Blommel: Have faith in our future; the outlook is bright

Cheyenne Farnsworth, Savannah Hale, Trinity Flatt and Hannah Suddarth earned Gold Awards, considered the most difficult to earn in the Girl Scouts. [Submitted photo]
Denise Blommel

On March 23, I had the honor of helping lead a ceremony to congratulate 825 girls at the Girl Scout High Awards Celebration.

Girl Scouts and their proud parents, grandparents, brothers, sisters, and friends filled a huge ballroom at the Glendale Civic Center. My heart was also filled as the love that these young people have for the community was evidenced through their hard work and accomplishments.

Many people, particularly in my age group, have no faith in American youth.

They would be delightfully surprised by the enthusiasm and innovation on display during the High Awards. We began, as in all Girl Scout events, with a Flag Ceremony. Patriotism is not dead!

Our Council, Girl Scouts–Arizona Cactus-Pine Council, conferred 594 Bronze Awards this year. Our Council covers two-thirds of the State (essentially everything north of the Gila River), the entire Navajo Nation, and small parts of California and Utah.

Troop representatives and Independent Girl Members came forward for these awards, which honor team effort by Junior Girl Scouts (fourth and fifth grade girls) who find and research a community issue and then take action to deal with the root cause of the problem.

Some representative projects included helping animals in need, addressing bullying, hot dogs for the homeless, bringing entertainment to those who could use a smile, make every Thursday bike to school day, and kids helping kids.

We then recognized our 204 Silver Award Girl Scouts — Cadettes (sixth-eighth grade girls) who participated in a wide range of projects benefiting their communities.

Again, representatives of troops and Independent Girl Members came forward with projects like self-esteem workshop, port pillows for cancer patients, defibrillator and plants, bee kind to bees, and paying it forward.

The grand moment came when we introduced each of our 27 Gold Award Girl Scouts. Many Americans are familiar with the Boy Scout Eagle Award. The Gold Award represents the same amount of hard work and dedication as the Eagle Scout.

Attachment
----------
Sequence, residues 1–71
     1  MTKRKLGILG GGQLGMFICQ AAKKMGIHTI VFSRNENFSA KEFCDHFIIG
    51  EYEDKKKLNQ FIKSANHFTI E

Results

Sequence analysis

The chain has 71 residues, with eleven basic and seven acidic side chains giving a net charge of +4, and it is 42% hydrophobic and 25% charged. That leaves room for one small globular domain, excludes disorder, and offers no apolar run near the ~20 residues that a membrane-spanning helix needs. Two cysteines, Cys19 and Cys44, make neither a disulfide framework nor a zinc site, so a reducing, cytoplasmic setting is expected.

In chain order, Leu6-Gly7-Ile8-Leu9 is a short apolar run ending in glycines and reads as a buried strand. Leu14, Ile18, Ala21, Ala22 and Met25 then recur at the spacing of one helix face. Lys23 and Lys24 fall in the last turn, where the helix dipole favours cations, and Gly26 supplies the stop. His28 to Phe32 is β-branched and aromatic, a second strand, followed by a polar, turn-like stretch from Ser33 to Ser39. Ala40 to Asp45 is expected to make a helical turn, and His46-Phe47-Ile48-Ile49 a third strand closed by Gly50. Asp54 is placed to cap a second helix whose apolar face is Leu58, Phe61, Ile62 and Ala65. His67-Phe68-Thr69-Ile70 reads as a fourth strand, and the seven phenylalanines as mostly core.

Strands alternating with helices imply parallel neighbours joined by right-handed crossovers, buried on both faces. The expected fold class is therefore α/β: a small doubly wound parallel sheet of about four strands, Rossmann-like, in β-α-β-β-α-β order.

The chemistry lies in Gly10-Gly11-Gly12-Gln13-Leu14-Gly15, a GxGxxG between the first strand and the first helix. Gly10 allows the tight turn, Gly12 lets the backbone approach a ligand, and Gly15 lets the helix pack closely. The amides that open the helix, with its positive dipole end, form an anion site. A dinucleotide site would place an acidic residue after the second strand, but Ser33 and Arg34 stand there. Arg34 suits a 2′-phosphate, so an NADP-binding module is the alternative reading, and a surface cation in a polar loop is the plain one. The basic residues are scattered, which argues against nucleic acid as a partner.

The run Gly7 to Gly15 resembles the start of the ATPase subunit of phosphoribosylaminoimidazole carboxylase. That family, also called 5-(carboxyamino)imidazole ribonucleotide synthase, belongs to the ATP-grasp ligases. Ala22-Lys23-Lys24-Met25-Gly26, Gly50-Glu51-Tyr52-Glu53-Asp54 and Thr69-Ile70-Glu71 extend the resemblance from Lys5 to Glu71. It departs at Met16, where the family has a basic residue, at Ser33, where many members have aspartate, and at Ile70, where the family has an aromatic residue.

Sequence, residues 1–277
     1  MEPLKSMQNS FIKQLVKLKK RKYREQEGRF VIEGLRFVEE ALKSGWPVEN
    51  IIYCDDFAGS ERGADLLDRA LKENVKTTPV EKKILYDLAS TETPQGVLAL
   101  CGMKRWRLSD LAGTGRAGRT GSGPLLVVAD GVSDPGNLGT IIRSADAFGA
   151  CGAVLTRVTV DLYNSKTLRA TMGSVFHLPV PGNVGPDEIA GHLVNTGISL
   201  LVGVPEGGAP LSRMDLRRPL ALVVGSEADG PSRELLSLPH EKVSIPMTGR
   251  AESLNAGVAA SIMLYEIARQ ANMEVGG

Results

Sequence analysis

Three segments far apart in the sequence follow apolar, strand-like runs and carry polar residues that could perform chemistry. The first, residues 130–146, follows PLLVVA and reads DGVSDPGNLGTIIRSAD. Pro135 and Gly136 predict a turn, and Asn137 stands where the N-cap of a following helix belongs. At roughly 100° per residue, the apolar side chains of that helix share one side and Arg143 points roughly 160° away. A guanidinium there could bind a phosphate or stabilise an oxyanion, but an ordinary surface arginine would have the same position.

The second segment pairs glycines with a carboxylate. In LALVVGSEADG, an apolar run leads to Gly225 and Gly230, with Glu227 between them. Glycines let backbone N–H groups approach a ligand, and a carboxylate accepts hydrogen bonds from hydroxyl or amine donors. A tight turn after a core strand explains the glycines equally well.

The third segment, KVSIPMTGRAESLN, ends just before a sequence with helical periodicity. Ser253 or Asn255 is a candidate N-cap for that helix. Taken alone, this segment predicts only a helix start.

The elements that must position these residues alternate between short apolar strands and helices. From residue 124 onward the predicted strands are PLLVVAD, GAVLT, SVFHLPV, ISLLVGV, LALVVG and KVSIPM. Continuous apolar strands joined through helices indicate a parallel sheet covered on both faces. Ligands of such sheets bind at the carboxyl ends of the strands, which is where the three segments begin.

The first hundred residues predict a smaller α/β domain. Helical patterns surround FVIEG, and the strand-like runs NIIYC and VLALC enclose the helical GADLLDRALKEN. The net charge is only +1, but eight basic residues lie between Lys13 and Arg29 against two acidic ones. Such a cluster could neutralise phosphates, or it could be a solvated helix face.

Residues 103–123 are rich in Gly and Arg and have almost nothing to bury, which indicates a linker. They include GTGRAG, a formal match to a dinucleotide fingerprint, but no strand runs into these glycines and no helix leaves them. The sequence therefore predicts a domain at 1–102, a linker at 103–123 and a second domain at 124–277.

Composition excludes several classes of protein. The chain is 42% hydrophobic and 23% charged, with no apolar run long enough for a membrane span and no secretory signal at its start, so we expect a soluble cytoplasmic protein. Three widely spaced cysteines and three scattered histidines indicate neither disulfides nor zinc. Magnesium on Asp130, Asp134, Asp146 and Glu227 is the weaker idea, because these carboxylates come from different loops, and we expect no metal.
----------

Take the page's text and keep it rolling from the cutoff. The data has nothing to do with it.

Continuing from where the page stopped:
It is recognized the same way by the military, which grants a raise in rank for entrants with this honor.

The Girl Scout Gold Award started in 1916 as the Golden Eagle of Merit. The name changed throughout the years to the Golden Eaglet, First Class Scout, Curved Bar and finally to the Gold Award.

We are so proud of our 27 Senior and Ambassador Girl Scouts (ninth-12th grade) for their fabulous efforts to serve the community. Some representative projects include memory care, gratitude, and veterans’ gardens, building family bonds, health and science fairs, teen wealth, pick up your planet, break the silence (addressing teen suicide), and replacement of trash bins at the Grand Canyon to help the animals.

The most ingenious project was Abby Can Change the World.

Abigail Prosnier, a differently abled Girl Scout, created a Facebook and Instagram page to share inspirational videos, articles and other content to show that everyone has something to offer the community. Abby’s presentation won a standing ovation.

Council Deputy Director Mary Mitchell gave the newly minted Gold Awardees their charge to respect themselves and others, to honor the Earth and its living things, to give service, to celebrate diversity, to dedicate their skills and abilities to the common good, to strive for excellence, and to lead only toward the best.

Like all Girl Scouts, these Gold Awardees are committed to making the world a better place.

Lest you be tempted to believe all the negative media about young people, you can rest assured that we have over 800 girls who will, I am sure, make the world a better place.

Please have faith in our youth. Please support them. These girls are our future, and the future looks bright indeed.

Editor’s note: Denise Blommel is an attorney in Scottsdale. She is a former Field Attorney with the National Labor Relations Board and a former Assistant Chief Counsel of the Industrial Commission of Arizona.


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